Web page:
Satya Chavez

Satya Chavez in Porchlight Music Theatre's "Chicago Sings Rock and Roll Broadway." 

"Artist Descending a Staircase"

Once again Remy Bumppo Theatre Company has gone off the beaten path to find a gem. This time it's “Artist Descending a Staircase,” an early radio play by Tom Stoppard.

First broadcast by the BBC in 1972 (and later adapted for live theatre), the 90-minute piece revels in themes familiar from Stoppard's subsequent plays, such as “Travesties,” “The Real Thing” and “The Invention of Love.” Part murder mystery, part romance and part humorous exploration of the meaning and purpose of modern art, it combines time travel, a tragicomic plot twist involving mistaken identity and a whole lot of sparkling wit. Even the title is a joke: It alludes to Marcel Duchamp's 1912 painting “Nude Descending a Staircase, No. 2.”

Remy Bumppo's lively broadcast, ably directed by James Bohnen, requires careful listening because the time shifts aren't always clear, especially at first. The play opens with the sound of an artist, Donner (Peter A. Davis), falling down the stairs. This has been recorded by Beauchamp (Nick Sandys), a colleague whose art now is focused on taping the sounds of everyday life. He and a third artist and roommate, Martello (Annabel Armour), examine the recording (in which a fly has a prominent role) and conclude that a murderer must have awakened Donner from his sleep and pushed him down the stairs to his death. Beauchamp and Martello accuse each other of the crime.

All three artists are elderly and have known each other for half a century. As the two survivors speculate about what happened, they descend backwards in time as far as 50 years to 1914, when they embarked on their careers and became immersed in, or scornful of, various artistic movements and each other.

A woman was at the center of it all, as is almost always the case. Her name was Sophie (Aurura Real De Asua) and she was blind. Muse and model, she was a friend, lover and source of discord with unhappy consequences. At the end, the play returns to the present, but the mystery is never solved conclusively.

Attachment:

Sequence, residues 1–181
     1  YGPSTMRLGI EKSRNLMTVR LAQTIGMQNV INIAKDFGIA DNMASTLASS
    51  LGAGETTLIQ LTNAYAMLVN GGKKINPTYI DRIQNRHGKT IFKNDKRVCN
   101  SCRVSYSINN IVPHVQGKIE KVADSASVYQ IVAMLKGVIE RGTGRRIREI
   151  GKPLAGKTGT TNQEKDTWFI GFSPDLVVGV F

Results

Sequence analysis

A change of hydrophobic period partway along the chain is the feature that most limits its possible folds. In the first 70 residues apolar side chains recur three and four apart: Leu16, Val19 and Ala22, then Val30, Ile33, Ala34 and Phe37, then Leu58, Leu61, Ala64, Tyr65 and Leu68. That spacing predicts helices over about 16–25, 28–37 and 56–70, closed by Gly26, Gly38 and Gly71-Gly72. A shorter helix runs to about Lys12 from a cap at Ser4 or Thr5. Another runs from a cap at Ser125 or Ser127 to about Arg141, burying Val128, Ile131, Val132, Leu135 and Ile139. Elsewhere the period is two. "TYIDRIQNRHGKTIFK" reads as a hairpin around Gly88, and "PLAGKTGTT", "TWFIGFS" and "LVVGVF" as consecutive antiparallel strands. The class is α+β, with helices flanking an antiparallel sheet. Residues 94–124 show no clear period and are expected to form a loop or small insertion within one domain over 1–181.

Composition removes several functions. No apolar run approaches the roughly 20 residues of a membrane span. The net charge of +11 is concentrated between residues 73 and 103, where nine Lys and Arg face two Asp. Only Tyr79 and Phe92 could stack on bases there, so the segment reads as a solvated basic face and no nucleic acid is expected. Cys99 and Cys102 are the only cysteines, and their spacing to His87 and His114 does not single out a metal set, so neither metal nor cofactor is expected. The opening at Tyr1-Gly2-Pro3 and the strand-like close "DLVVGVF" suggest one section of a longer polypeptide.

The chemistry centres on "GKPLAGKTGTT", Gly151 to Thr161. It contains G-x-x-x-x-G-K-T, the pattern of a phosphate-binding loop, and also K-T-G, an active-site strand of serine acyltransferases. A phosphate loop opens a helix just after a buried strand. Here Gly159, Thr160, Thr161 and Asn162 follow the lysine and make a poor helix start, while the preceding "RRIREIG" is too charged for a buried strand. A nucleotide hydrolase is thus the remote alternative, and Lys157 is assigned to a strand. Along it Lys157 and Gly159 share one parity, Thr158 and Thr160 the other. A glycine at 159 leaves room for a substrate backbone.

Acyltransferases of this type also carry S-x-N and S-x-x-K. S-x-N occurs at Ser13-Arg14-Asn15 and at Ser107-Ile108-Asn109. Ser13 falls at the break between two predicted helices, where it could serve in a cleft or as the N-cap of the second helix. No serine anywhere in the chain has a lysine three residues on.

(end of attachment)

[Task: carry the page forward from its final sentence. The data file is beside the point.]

While neither the plot nor the characters are completely compelling, “Artist Descending a Staircase” overflows with pronouncements about art that range from clever to hilarious. One of the artists proclaims, for example, that “a post-Op pre-Raphaelite is Dada brought up to date.” Another, faced with the age-old problem of justifying the existence of art to those who are hungry, concludes that the solution is to make the art edible.

The fallibility of memory is another common Stoppard trope. As Beauchamp and Martello reflect on the past, they're repeatedly at odds about what happened and how they remember it, so much so that a crucial relationship hangs in the balance.

All four actors deserve credit for bringing “Artist Descending a Staircase” to life, though I admit the radio play has whet my appetite for the Stoppard's live version. Sound designer and engineer Christopher Kriz is responsible for the evocative, sometimes over-the-top effects.

Through April 18. Free but registration required.

“Chicago Sings Rock & Roll Broadway”

Porchlight Music Theatre pulled out all the virtual stops for “Chicago Sings Rock & Roll Broadway,” its annual fund-raising concert, which premiered on March 20.

Directed by artistic director Michael Weber with music direction by Jermaine Hill and Linda Madonia. it was filmed at the Ruth Page Center for the Arts and presented online for the first time. More than 50 Chicago artists, including Darilyn Burtley, Donterrio Johnson, Heidi Kettenring, Michelle Lauto, Andrew Mueller, Sawyer Smith, Tiffany T. Taylor and Bethany Thomas, performed numbers from scores of musicals, interspersed with greetings from now-Broadway stars, such as E. Faye Butler, Sean Allan Krill, Susan Moniz and Kathy Voyto. The Guy Adkins Award for exceptional and lasting contribution to the state of the art of Chicago music theater went to Felicia P. Fields.

Like all the Porchlight concerts, this one was as enlightening as it was entertaining. The starting point was “Bye Bye Birdie” in 1960, the first Broadway musical to use an electric guitar in the orchestra. The end of the decade brought “Hair” (1967), the first full-fledged rock musical.

Proceeding more-or-less decade-by-decade, the hour-and-forty-five-minute program also grouped songs into thematic medleys, among them the Bible medley, the mega-musical medley and the bio-musical medley. The exception, sort of, was the finale, with a bunch of songs from 2005 to the present that didn't quite fit anywhere else.

Each section was preceded by an informative narrative featuring fascinating tidbits about the shows and vintage photos from productions. That was my favorite part both because I learned some new things and was reminded of others I'd forgotten. Some of the song choices seemed odd, while the quality of the singing and dancing was uneven, though overall enjoyable.

Through April 18. Tax-deductible tickets $25 - $500.

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